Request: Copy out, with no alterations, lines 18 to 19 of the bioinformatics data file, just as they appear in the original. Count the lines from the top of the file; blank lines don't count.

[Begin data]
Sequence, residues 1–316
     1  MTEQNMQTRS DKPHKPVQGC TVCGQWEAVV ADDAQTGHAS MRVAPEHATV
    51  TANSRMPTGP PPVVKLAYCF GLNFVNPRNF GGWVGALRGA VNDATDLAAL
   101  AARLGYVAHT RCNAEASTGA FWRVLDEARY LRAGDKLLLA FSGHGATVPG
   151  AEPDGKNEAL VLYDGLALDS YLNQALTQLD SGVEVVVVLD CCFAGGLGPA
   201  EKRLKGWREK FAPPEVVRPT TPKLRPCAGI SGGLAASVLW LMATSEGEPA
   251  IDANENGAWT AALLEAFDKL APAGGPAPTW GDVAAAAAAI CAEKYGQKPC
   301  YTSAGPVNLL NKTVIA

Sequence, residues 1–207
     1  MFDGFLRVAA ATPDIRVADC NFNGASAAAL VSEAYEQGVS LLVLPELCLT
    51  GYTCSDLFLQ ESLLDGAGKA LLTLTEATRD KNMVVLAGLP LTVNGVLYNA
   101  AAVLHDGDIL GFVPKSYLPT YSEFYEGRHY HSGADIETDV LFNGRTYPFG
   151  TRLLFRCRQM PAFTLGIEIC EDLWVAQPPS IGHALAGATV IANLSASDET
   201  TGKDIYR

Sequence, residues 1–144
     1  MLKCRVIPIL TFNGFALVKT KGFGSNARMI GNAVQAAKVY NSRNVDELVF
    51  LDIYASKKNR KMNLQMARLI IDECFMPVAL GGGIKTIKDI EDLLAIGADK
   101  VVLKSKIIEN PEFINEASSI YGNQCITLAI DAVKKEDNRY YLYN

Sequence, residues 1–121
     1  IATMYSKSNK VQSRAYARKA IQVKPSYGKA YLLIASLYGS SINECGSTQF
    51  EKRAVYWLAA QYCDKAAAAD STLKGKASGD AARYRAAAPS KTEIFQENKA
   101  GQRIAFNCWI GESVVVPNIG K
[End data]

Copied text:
   101  VVLKSKIIEN PEFINEASSI YGNQCITLAI DAVKKEDNRY YLYN

Sequence, residues 1–121